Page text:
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Pursued by Garfield after his strong defensive position on Hagerís Hill was outflanked, Marshall decided to fall back to Prestonsburg, move up Middle Creek, and lure his adversary into an ambush.


After abandoning his fortified position on Hager Hill south of Paintsville on January 5th, Marshall marched westward in an attempt to intercept Col. Jonathan Cranor's 40th Ohio and defeat him before he could unite with Garfield. However, the muddy condition of the roads slowed Marshall's supply train to a crawl, so he decided to fall back to Prestonsburg. While Marshall made his futile march to intercept Cranor, Garfield threw his cavalry forward and clashed sharply with Marshall's rearguard at Jenny's Creek on January 6th.

On January 7th Garfield occupied Paintsville, and on the following day his forces reached Marshall's abandoned fieldworks at Hager Hill. On January 9th, determined to overtake the fleeing rebels, Garfield set out for Prestonsburg with his cavalry and 1,100 selected men from his infantry regiments. Marshall reached Abbott Creek at nightfall on January 9th and sent a squad of men to May's Mill in order to grind corn for his hungry army. However, they were driven off by Garfield's advancing bluecoats. After camping on Abbott Creek, Marshall moved his men across the ridge to the Forks of Middle Creek, where he deployed them on the surrounding slopes and waited for Garfield's columns to advance up the Middle Creek Valley.

Marshall's command consisted of approximately 1,950 men and was made up of both Kentuckians and Virginians. The 5th Kentucky Infantry, organized at Prestonsburg in the Fall of 1861, was largely composed of Eastern Kentuckians. It was augmented by the 1st Battalion Kentucky Cavalry, composed of men from Central Kentucky; Colonel Alfred C. Moore's 29th Virginia Infantry; Colonel Robert C. Trigg's 54th Virginia Infantry; and Captain William C. Jeffress' sixty-man battery of four six-pounder and twelve-pounder cannons.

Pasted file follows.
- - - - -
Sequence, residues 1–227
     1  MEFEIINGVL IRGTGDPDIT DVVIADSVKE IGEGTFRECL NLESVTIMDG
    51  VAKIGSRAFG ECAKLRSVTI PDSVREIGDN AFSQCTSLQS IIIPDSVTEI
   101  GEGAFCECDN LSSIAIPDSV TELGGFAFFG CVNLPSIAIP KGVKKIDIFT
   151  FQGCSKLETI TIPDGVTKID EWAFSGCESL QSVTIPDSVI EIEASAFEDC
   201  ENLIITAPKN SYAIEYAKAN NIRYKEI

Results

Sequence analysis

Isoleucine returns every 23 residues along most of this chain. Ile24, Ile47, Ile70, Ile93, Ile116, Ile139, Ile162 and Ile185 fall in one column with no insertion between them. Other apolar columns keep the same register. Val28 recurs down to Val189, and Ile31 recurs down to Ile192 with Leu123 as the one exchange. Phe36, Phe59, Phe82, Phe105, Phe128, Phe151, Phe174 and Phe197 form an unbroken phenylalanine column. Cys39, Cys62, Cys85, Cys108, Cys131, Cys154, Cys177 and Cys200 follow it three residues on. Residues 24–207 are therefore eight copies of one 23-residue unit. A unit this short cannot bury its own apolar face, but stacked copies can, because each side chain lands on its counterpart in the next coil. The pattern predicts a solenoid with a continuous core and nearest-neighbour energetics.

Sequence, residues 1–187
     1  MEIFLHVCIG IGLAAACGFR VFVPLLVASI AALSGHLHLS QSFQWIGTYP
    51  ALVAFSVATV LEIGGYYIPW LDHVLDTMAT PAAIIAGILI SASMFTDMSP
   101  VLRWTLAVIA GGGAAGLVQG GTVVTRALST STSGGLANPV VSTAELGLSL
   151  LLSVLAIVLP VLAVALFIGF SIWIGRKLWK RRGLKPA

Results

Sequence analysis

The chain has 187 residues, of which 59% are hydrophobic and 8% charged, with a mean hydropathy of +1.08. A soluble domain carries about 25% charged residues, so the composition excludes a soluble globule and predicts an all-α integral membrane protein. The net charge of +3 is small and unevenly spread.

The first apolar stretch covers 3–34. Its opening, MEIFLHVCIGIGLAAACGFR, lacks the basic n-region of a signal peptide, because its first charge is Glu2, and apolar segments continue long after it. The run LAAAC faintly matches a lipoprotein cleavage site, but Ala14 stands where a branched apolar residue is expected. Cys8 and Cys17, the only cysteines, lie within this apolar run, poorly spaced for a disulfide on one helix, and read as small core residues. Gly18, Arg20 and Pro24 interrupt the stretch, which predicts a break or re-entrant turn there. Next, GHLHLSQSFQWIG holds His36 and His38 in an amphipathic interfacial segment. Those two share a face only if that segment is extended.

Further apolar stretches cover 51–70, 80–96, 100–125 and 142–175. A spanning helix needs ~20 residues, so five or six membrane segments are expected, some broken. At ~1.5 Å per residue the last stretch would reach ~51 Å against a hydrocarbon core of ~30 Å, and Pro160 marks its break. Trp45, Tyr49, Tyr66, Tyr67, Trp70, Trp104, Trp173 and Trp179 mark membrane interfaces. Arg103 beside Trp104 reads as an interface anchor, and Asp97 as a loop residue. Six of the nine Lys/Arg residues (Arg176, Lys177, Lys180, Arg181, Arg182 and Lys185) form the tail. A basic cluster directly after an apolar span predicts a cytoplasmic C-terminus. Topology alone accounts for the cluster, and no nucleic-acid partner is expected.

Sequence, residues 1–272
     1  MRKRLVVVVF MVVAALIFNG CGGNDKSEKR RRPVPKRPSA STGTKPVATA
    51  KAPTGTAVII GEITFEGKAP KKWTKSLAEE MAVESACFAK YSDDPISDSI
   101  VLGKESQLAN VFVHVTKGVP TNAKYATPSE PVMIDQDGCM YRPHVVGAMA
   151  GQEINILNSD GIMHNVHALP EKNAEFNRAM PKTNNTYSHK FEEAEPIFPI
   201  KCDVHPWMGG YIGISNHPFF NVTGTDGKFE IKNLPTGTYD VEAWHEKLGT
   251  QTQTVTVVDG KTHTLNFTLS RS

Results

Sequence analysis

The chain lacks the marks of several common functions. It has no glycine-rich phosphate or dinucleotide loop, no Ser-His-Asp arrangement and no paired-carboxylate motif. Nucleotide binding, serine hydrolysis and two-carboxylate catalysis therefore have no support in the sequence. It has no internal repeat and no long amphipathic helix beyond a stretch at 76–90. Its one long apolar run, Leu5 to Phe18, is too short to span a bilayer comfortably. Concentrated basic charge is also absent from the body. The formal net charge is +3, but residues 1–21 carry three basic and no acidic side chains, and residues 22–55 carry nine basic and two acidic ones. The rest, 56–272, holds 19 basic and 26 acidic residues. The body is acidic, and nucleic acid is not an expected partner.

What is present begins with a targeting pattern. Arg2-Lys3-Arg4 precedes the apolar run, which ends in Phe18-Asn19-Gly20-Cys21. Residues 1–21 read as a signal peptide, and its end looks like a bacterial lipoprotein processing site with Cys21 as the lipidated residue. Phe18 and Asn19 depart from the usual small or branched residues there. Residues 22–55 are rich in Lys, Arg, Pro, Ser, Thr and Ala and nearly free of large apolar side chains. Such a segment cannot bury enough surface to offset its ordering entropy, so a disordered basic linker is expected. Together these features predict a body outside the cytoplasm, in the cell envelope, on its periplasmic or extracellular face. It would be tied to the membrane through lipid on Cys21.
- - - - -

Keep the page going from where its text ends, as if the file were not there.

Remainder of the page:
One of the officers on Marshall's staff drew this map, which shows the positions of his regiments during the battle. The W's mark the position of Col. John S. Williams' 5th Kentucky Infantry, and the M's show the position of Colonel Moore's 29th Virginia Infantry. The C's and T's show the position of Clay's and Thomas' companies of the 1st Battalion, Kentucky Cavalry.
The Confederate
Waiting Game
For an enlarged version, click here.
Carte De Viste of General John S. Williams, courtesy of The Historical Shop, Matairie, Louisiana. In the Summer of 1863, following his service as commander of the 5th Kentucky, Williams was promoted to Brigadier General and given command of the Department of Southwestern Virginia and Eastern Tennessee. Later that year, though badly outnumbered, he and his men valiantly resisted the advance of Burnside's Corps into Eastern Tennessee. Williams' military career reached its climax at Saltville, Virginia on October 4th, 1864, when he successfully defended Preston's Saltworks from an invading Union army commanded by General Stephen G. Burbridge.
Middle Creek
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Foundation
Samuel May House
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Why They Fought Here
The Opposing Commanders
The Artillery That Failed
The Union Command Post
The Confederate Command Post
The Union Assault
Monroe's Bayonet Charge
A Desperate Fight, But Few Casualties
The Mount Sterling-Pound Gap Road
The John M. Burns House
The Samuel May Farm
The Middle Creek Foundation
Colonel George W. Monroe
Colonel Ezekiel F. Clay
Colonel Lionel A. Sheldon
Colonel Don A. Pardee
Colonel Hiram Hawkins
Colonel John S. Williams
Colonel Alfred C. Moore
Colonel George W. Gallup
Dr. Stephen M. Ferguson
Eastern
Kentucky
Civil War
Battles
The Skirmish
at Abbott Shoal
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